Previous instructions are deprecated and are no longer available here. The version of Ubuntu specified in this guide is a bit old now, and as of FRC 2019, the build system and guides have changed significantly. FRC now recommends VS Code (yay) and a different simulation environment.
- Installing C++ and Java Development Tools for FRC
- Playing Field | FIRST
- What is Synthesis? | Creative Minds
The latest simulation software does not support Linux at all, unfortunately (darn).
- 64-bit Microsoft® Windows® 10 (preferred) Anniversary Update (version 1607 or higher)
- 64-bit Microsoft Windows 8.1
- 64-bit Microsoft Windows 7 SP1 with Update KB4019990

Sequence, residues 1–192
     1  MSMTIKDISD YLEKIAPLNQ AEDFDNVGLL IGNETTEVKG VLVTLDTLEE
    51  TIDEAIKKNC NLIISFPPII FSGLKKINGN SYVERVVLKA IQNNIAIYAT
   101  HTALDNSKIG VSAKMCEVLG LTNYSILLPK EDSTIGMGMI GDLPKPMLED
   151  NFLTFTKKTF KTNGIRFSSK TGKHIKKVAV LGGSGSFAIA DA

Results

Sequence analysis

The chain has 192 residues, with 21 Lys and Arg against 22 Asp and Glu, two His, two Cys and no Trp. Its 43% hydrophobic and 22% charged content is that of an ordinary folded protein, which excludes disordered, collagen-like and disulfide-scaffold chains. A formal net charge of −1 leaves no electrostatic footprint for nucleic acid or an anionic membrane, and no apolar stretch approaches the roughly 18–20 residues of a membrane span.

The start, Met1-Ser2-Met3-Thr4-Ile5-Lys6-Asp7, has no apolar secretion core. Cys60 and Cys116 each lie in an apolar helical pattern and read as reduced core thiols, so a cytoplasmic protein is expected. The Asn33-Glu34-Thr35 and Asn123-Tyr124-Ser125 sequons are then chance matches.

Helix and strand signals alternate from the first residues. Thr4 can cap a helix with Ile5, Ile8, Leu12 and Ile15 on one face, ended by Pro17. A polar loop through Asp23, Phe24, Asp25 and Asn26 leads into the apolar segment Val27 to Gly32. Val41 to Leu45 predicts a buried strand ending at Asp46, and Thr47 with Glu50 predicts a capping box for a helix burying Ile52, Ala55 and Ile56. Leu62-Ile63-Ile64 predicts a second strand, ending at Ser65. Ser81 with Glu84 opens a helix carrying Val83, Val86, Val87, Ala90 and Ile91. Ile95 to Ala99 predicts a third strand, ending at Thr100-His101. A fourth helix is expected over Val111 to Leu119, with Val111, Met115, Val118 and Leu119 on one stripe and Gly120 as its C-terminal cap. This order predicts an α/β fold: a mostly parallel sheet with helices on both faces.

So one of the primary purposes of this article is now moot. A major accomplishment in this article was to get a simulation environment working in Linux, and that is not currently possible at all (or at least, non-obvious and requires more research).
Also, there are now updated canonical documents regarding Linux support from FRC/WPILib, so these instructions would merely muddy the waters regarding a “normal” setup guide for Linux.
If the day comes when FRC supports Linux for simulation with the latest tools, or I find a simple way to integrate a Windows simulation environment with a Linux development environment (probably possible with some build scripts, rsync, etc), then I’ll update this guide or direct to helpful resources on the topic.